As an alcohol licensing lawyer, I see often clients who have already signed a lease agreement or purchased a property with the intention of opening a licensed premises on the site. By the time they come to see me, it is often too late to back out of the lease agreement or the purchase if there are issues with the site regarding alcohol licensing. In those cases, applicants just have to take the risk and see if their application will succeed knowing very well that the location of the proposed site might be a key issue for the District Licensing Committee when considering an application for a new licence.
In my view, it is important to carry out complete due diligence before you enter into an agreement as there are a number of matters to check or consider when looking to open new licensed premises. Some of those matters are:
- the provisions under the district plan to see what you can do on-site as of right and for what activities you will need to apply for consent;
- the locality around the site. Is it located in a low socio-economic area where the risk of alcohol-related harm might be high? Is it close to an early childcare centre, school, church, marae, and/or drug rehabilitation service;
- what sort of bar/restaurant/bottle store you plan to operate;
- what sort of customer base are you anticipating in that area;
- is your business going to cater for local residents;
- can you even open new licensed premises on that site? Have you checked the provisions under the LAP;
- what does the LAP say about the location and what restrictions does it impose (if any); and
- what is your experience in managing licensed premises?
All these factors help shape your application for an alcohol licence. It is not worth taking the risk and wasting funds going through the hearing process simply because you did not complete a risk assessment. If you’re unsure what to do before you apply for an alcohol licence then seek expert advice.
Processing times post Covid19 lockdown
It is also worth noting that post Covid19 lockdown the processing time for an alcohol licence application has significantly increased. There are major delays in application processing mainly because the reporting agencies( the Police and Medical Officers of Health) have been given an extended reporting timeframe under the Epidemic Preparedness (Sale and Supply of Alcohol Act 2012 – Licence Application Inquiries) Immediate Modification Order 2020 (IMO).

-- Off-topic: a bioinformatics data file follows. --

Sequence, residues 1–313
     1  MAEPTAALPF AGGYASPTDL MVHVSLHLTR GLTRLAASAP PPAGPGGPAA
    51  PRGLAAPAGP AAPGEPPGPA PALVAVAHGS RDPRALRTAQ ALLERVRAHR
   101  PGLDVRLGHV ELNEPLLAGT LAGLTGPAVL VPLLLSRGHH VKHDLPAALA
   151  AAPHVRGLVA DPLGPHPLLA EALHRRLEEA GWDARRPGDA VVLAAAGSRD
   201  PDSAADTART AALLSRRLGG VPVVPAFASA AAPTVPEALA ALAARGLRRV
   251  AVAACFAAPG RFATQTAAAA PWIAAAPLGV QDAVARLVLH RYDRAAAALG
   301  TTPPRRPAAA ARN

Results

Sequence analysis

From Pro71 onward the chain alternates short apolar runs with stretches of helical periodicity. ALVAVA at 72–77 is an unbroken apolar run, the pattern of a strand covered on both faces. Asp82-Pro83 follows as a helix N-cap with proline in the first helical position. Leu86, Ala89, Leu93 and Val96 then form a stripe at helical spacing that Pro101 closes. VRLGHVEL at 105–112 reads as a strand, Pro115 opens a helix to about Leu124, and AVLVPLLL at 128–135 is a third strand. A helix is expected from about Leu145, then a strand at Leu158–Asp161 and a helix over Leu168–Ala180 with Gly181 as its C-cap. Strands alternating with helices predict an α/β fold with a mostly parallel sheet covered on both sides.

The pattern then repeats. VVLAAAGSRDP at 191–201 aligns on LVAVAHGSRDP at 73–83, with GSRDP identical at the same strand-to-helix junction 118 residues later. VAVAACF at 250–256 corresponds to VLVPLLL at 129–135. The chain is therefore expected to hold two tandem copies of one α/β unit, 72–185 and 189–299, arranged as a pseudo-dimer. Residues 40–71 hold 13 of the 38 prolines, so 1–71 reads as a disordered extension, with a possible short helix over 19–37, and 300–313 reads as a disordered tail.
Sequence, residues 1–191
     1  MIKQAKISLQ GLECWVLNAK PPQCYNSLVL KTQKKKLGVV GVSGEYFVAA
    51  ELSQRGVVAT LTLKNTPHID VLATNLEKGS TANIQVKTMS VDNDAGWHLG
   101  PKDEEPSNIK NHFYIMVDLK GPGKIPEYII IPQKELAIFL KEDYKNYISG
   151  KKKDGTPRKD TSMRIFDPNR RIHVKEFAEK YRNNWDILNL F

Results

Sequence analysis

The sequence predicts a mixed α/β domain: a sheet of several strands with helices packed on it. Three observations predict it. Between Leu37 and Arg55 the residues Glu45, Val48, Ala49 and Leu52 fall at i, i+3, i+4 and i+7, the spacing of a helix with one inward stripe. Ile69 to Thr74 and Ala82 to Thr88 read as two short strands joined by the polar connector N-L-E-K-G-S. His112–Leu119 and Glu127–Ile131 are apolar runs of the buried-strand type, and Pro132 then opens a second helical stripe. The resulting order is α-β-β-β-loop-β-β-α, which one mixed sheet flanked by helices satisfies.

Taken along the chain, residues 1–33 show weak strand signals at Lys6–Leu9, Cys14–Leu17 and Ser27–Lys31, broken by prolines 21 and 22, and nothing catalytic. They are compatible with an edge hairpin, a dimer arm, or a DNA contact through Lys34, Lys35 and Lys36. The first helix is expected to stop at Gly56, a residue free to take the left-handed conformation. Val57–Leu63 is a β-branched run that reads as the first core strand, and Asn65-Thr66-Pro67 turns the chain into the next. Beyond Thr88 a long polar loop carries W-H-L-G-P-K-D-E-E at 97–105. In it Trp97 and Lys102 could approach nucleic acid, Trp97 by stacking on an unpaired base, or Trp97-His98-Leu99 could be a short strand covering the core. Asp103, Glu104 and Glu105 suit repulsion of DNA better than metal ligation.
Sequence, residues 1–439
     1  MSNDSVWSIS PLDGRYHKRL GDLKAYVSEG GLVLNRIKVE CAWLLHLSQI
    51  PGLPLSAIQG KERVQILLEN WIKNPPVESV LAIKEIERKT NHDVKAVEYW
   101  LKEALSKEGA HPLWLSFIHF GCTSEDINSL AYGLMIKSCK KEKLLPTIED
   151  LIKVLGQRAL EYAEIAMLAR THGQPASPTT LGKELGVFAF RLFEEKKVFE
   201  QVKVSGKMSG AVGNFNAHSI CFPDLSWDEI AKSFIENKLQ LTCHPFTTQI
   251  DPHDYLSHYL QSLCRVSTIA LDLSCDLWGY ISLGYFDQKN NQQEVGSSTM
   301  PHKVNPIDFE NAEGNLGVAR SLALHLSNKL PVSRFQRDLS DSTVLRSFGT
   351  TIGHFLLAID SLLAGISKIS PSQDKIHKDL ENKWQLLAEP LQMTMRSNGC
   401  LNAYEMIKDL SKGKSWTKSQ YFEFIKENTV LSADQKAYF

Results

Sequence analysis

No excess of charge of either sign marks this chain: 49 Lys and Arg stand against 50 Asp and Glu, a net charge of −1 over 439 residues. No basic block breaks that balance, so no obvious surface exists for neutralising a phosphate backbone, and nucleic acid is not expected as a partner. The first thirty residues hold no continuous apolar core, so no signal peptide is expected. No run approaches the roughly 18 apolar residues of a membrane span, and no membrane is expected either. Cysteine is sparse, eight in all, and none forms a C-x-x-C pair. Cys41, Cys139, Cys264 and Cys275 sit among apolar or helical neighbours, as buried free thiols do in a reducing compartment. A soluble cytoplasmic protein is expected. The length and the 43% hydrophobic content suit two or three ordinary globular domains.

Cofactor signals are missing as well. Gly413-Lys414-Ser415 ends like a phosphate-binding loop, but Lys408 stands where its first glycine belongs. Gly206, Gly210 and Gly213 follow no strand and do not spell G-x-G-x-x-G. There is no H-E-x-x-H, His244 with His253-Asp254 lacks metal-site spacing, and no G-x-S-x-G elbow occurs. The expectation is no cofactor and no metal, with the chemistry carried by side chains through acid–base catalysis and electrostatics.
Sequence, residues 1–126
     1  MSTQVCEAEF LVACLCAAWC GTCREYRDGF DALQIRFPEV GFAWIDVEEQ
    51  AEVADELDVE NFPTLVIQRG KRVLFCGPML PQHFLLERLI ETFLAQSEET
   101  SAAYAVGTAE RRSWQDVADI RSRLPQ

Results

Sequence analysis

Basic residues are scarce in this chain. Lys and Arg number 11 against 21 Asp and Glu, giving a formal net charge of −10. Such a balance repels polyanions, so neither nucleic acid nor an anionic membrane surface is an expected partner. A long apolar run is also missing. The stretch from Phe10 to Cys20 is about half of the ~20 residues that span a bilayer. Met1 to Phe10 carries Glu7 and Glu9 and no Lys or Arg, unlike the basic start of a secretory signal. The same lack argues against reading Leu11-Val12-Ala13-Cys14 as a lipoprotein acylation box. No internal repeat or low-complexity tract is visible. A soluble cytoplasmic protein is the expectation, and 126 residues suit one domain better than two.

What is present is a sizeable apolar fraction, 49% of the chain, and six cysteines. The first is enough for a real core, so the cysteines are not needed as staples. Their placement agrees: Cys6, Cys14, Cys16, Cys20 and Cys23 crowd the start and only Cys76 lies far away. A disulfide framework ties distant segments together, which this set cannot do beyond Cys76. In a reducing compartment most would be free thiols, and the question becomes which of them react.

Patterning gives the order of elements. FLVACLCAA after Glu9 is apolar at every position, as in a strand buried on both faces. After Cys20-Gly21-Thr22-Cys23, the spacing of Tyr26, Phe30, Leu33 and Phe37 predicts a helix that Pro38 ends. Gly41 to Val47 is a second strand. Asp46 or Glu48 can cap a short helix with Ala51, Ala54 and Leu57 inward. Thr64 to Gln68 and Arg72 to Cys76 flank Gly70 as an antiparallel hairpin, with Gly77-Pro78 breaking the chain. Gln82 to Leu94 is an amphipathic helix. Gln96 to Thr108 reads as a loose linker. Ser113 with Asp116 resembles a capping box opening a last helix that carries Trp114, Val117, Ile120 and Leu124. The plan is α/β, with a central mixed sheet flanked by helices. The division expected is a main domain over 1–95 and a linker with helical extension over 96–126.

The IMO amends ss 103 and 129 of the Sale and Supply of Alcohol Act 2012 and extends the time for Police and Medical Officers of Health to report on applications: from the date on which the Epidemic Notice is lifted, Police and Medical Officers of Health have 30 (rather than usual 15) working days to file a report with the DLC if they oppose an application. The IMO applies to all applications filed after 25 March 2020 and DLCs are unable to make a decision on a licence application unless they receive a report from the Police and the Medical Officer of Health.
In my view, the IMO was enacted with the intention that these changes in statutory timeframes would be temporary and quite possibly to deal only with matters during the level 4 lockdown. The government has been issuing subsequent ‘renewal notices’ to keep the IMO current which means that the reporting timeframe for Police and Medical Officers of Health keeps getting extended further. The roll-on effect of the IMO is that there is now a significant backlog of new applications, as well as renewals, sitting with licensing inspectors waiting on reports from the Police and Medical Officer of Health. From my experience in Waikato, Waipa and Hamilton, some of those applications were filed 6 months ago and are still waiting on reports. I do not think this is what Parliament intended when it enacted the IMO.
I have been strongly recommending to my clients that they allow for a significant processing timeframe given the delays we are experiencing in getting the Police and Medical Officer of Health’s report on applications.
This article is current as at the date of publication and is only intended to provide general comments about the law. Harkness Henry accepts no responsibility for reliance by any person or organisation on the content of the article. Please contact the author of the article if you require specific advice about how the law applies to you.